A tree protection system at the Royal Botanic Garden Edinburgh (RBGE) has combined with modern construction technology to help protect a renowned living collection of plants.
The multi-million pound Edinburgh Biomes development includes the restoration of RBGE’s heritage glasshouses but, with construction set to take place in heart of the 70-acre site, twelve of the garden’s 3,500 trees were at risk of damage.
Arboriculture specialists at RBGE, environmental consultants Ironside Farrar and construction company Balfour Beatty, worked with supplier Green Grid Systems to devise a bespoke plan to protect Scotland’s National Botanic Collection.
Will Hinchliffe, arboriculture supervisor at RBGE, explained, “Trees provide enormous value to society, particularly in urban landscapes where they help people to connect with nature. However, they are also very vulnerable. A tree which takes decades or even hundreds of years to reach maturity, can suffer irreversible damage in just a few minutes.
“As curators of trees which are often endangered in the wild, our priority is to protect and retain mature trees that grow in close proximity to the development site. In turn, the survival of prominent features will help to embed the site into the natural environment, adding to the sense of an established landscape when the project ends.”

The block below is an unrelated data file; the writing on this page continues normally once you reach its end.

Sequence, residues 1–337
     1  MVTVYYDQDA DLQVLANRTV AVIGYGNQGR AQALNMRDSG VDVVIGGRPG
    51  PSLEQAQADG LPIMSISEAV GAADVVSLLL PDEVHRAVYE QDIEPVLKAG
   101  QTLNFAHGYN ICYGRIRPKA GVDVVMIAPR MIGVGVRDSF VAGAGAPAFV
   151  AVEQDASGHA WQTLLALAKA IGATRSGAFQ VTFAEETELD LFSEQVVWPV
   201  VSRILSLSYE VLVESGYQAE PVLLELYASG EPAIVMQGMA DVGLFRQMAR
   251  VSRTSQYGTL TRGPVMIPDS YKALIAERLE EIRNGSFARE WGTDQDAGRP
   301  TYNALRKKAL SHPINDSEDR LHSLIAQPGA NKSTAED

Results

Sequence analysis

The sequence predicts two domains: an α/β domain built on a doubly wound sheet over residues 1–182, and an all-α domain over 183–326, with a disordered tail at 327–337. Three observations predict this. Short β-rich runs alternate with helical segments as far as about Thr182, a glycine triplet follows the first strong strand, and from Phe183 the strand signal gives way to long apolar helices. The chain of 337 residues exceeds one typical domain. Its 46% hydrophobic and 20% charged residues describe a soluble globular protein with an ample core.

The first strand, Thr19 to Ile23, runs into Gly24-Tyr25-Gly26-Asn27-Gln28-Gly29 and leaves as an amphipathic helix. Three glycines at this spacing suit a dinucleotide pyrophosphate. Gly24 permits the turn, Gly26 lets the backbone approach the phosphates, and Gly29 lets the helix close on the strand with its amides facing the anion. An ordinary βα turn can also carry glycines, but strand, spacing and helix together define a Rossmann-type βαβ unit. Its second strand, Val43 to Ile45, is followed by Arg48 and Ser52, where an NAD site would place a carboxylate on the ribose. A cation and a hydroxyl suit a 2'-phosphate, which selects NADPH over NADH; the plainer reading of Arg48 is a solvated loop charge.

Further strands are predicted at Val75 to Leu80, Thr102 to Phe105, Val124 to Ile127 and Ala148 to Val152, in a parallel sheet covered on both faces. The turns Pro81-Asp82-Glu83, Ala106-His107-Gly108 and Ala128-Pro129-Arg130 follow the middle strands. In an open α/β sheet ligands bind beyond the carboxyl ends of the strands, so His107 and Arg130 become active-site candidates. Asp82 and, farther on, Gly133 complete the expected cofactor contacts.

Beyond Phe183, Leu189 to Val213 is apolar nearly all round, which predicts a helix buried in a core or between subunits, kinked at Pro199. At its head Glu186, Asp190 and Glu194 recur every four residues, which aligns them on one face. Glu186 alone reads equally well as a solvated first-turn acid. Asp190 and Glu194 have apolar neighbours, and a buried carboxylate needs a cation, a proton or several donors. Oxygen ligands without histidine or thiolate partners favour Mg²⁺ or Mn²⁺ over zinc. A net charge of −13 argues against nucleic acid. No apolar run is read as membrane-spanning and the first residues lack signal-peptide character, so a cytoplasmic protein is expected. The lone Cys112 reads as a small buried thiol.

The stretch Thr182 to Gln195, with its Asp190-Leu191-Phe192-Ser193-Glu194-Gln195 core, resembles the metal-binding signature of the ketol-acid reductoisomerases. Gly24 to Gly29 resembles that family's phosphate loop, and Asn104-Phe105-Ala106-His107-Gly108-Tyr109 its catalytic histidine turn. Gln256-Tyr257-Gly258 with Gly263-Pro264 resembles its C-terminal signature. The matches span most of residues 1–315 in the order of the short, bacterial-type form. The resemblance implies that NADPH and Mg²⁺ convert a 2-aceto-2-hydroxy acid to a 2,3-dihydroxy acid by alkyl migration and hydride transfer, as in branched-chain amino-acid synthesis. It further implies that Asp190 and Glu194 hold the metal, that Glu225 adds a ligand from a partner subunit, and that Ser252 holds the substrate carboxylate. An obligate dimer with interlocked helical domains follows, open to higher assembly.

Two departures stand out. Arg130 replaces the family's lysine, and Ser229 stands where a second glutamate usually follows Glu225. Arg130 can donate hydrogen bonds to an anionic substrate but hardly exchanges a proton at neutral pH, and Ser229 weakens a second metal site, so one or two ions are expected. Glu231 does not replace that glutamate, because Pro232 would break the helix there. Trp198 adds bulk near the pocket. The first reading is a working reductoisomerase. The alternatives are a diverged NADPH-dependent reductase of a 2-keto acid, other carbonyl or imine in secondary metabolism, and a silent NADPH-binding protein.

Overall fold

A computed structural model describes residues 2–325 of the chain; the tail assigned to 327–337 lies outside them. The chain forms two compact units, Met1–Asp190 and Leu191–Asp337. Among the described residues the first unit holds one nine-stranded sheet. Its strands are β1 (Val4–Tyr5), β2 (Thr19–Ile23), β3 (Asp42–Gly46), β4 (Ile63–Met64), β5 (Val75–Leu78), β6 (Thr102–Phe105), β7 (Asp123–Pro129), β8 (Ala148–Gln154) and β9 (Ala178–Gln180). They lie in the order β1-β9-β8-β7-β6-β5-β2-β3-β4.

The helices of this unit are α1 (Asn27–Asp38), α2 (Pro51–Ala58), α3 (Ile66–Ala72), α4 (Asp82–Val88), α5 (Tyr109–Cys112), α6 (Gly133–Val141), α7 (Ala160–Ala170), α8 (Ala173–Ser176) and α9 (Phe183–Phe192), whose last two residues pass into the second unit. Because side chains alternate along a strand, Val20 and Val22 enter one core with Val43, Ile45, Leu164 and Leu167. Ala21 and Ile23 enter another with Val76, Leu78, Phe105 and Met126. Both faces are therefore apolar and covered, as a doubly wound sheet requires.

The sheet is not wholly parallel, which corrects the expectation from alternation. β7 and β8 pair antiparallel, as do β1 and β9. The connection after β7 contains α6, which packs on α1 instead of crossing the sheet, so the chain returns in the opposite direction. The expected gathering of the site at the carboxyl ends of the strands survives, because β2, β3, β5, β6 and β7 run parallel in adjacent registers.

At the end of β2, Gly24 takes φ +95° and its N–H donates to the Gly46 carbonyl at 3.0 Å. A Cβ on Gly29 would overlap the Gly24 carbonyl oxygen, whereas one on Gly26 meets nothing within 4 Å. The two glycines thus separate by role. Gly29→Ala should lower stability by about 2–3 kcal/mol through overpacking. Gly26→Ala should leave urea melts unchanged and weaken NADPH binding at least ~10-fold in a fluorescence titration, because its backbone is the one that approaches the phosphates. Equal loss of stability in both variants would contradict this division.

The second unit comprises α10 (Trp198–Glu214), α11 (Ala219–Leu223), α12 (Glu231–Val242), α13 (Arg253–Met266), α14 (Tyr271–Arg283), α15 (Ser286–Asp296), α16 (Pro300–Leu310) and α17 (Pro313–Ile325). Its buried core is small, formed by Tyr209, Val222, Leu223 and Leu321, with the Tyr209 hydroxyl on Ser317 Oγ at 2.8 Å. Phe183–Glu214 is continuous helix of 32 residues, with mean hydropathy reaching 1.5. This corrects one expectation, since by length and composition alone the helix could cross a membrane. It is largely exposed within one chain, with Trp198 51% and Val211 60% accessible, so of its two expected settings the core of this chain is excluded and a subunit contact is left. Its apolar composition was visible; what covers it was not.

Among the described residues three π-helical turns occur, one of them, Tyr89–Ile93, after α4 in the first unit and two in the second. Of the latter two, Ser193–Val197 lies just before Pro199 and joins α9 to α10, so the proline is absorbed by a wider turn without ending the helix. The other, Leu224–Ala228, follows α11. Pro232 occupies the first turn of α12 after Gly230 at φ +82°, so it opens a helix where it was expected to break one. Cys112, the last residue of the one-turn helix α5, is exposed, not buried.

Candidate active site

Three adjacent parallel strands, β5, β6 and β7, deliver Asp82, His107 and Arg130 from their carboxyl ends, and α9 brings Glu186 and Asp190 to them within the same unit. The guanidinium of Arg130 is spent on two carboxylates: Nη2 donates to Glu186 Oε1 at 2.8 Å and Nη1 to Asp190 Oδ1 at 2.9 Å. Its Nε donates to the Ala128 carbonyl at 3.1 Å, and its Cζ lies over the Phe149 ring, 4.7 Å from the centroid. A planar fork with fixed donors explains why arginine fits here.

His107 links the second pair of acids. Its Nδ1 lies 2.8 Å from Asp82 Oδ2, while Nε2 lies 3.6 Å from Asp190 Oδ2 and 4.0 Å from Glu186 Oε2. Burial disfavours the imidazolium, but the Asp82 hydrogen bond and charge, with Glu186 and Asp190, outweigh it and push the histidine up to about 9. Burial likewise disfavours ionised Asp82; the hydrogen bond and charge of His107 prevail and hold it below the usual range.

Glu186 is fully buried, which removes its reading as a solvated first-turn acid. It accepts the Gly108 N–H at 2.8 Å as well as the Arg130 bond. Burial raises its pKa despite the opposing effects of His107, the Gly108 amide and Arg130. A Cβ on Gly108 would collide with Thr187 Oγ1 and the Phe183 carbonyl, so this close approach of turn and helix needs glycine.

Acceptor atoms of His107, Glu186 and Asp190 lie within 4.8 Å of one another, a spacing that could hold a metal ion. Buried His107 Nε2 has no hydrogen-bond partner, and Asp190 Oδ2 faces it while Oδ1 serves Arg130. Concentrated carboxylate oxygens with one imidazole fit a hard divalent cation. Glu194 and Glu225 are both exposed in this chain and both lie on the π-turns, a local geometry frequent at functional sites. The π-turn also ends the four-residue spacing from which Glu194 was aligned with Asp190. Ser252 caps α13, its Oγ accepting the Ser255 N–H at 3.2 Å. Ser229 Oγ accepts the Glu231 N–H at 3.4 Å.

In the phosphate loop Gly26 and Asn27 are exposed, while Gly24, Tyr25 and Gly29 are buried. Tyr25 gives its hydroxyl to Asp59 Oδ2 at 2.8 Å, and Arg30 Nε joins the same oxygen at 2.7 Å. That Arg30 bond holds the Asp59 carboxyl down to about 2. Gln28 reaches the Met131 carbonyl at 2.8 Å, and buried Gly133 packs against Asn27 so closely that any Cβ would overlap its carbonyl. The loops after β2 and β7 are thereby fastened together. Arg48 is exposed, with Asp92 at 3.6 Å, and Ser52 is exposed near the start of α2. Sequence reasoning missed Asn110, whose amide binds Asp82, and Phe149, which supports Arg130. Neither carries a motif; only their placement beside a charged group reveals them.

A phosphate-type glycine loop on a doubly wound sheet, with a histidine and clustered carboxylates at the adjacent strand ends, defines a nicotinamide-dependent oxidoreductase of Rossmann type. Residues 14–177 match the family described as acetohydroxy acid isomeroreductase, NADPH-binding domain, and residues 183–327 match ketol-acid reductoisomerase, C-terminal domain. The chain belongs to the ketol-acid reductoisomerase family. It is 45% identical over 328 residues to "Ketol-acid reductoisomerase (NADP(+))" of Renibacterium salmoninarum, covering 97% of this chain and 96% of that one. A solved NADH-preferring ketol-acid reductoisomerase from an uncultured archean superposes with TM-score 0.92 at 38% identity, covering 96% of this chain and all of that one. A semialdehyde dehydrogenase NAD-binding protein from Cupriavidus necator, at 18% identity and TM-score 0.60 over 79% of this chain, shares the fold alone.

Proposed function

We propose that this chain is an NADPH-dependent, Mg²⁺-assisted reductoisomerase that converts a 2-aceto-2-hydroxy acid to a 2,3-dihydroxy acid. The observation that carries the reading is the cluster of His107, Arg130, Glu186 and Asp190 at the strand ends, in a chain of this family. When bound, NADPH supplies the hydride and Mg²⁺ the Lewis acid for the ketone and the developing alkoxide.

Gillian Smith, technical director at Ironside Farrar, added, “As a world-leading botanic garden, RBGE has specific site conditions which first required careful consideration. Working closely with manufacturer Green Grid Systems, the team has adapted the existing systems to suit the Garden’s requirements and have delivered a solution that will secure the best long-term outcome for invaluable specimen trees.”
Five years in the planning, the teams incorporated techniques they learned from previous construction projects at the garden and introduced new technologies. These include a root bridge of steel piles and beams submerged into the haul road surface. Designed to protect vulnerable root systems, a void beneath the raft-style grid allows space for future root growth without affecting the final paved surface.
It will also disperse the weight of heavy construction vehicles, helping to avoid damage to the roots through compaction or contamination of the soil.
To minimise the risk of flooding, new paths have been created using porous geotextile cells instead of the traditional covering of tarmac. The honeycomb structure of the cells helps to attenuate surface water, which is said to ensure a more sustainable drainage system.
Above ground, protective barriers have been secured around the rarest of trees. The action has already attracted visits from tree specialists across Britain.
RBGE said the final aim is to deliver a project that will serve as the ‘gold standard’ in tree protection management, facilitate a major construction development, and showcase a living collection that is ‘functional, impressive and a calm place’ for all to enjoy.